Got a better fighter in mind? Leave a comment below!

Demi Lovato, Unbroken

“And I just ran out of Band-Aids,” belts Demi Lovato on the swooping ballad, “Fix A Heart”. Naturally, this seems like an understatement for what one of Disney’s most popular teen divas has experienced this past year. With the publicity of Lovato’s struggles with bulimia  and self-mutilation piled on top of the departure from the TV hit, Sonny With A Chance, it would seem Lovato would need more than First Aid kit necessities to help her.
Still, the ballad showcases the best –and worst– of her latest album, Unbroken. The most striking element of Lovato’s latest record is the showcasing of her undeniable vocal talent. At only 18-years old, Sonny With A Chance’s has a level of vocal prowess and stamina that fellow Disney queens, Miley Cyrus and Selena Gomez, will probably never achieve.  On ballads such as synth choir soaked “Lightweight” and the empowerment anthem of a lead single, “Skyscraper”, Lovato conquers demanding vocal sweeps with a precision that gives credence to producer and One-Republic frontman Ryan Tedder’s praising of Lovato as a “Kelly Clarkson level vocalist”. Although such ballads prove to be only a minority of the record’s contents, they are Lovato’s most poignant moments, suggesting that Lovato may eventually be capable of breaking free from her Disney roots.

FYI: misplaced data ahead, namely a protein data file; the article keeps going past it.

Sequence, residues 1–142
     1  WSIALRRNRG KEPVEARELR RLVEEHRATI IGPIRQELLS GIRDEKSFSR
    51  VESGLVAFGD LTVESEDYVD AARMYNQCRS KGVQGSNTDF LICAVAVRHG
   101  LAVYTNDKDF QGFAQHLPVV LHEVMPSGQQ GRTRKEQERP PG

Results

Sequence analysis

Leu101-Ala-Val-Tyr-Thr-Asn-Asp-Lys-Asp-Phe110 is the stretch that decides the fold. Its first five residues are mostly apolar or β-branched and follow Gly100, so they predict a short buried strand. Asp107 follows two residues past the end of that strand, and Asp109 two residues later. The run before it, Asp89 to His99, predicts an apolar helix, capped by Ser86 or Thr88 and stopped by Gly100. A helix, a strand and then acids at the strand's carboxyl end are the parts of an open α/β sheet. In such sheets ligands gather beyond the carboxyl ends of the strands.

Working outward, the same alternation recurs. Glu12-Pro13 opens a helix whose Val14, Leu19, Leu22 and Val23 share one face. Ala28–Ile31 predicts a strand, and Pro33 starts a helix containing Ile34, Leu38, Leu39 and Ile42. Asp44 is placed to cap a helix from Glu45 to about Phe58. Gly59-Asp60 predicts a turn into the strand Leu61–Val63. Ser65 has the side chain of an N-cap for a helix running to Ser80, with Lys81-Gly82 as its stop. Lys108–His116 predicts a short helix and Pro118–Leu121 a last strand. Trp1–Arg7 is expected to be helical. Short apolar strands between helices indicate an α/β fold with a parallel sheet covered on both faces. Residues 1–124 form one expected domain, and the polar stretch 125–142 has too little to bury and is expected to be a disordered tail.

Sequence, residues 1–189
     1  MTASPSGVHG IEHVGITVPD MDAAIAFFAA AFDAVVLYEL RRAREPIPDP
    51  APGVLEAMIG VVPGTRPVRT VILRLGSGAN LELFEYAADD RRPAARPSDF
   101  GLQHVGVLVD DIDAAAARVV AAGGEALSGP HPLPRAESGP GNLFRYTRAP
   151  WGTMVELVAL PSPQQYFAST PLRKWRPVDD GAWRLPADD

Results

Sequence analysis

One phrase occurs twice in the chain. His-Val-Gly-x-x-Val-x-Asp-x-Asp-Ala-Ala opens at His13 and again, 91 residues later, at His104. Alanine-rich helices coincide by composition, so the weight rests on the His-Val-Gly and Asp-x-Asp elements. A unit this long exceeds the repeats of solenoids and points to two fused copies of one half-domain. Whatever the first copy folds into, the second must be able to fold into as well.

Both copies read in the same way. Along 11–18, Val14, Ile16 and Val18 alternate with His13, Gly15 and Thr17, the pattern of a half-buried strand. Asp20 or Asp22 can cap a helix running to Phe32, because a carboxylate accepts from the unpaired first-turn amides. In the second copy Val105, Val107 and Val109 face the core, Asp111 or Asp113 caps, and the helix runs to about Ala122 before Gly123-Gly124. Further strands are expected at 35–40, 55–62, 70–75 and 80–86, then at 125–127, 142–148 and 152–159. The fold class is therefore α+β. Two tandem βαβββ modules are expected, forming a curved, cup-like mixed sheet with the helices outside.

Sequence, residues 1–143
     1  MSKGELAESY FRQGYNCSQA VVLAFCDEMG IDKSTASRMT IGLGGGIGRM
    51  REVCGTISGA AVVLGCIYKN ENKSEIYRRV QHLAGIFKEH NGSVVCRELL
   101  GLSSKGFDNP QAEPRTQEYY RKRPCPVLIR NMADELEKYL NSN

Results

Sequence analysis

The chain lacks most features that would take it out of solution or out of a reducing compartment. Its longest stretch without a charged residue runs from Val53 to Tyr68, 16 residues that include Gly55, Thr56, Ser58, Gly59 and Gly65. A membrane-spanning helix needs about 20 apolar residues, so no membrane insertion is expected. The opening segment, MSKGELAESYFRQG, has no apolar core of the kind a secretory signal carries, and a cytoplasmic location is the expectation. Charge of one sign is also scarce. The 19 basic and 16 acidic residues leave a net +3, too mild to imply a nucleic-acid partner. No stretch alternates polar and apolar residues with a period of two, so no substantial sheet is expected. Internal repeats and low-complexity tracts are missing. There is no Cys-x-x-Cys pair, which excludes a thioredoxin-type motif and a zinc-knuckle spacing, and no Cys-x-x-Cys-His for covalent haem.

The majority of Unbroken, however, still has Lovato chanting along to bubblegum pleasures that sound as limited as that of any artist still under contract by Disney. The, Timbaland and Missy Elliot featuring club-stomper “All Night Long” includes a superb example of the cliche lines that flood the album’s high-paced tunes: “Let’s keep the party going all night long/All night long.” Despite featuring A-list guests, tracks such as “You’re My Only Shorty” (featuring Iyez), the peace rallying of the Jason Derulo duet “Together” and the guilty pleasure “Who’s That Boy” are at moments laughable with their boring cameos and lukewarm pop rhythms.
While Lovato certainly has the stadium crowding vocals of any chart topper today, the poor songwriting and faux assertiveness of Unbroken stifle the potential for a promising record by refusing to let Demi take off the Mickey Mouse ears.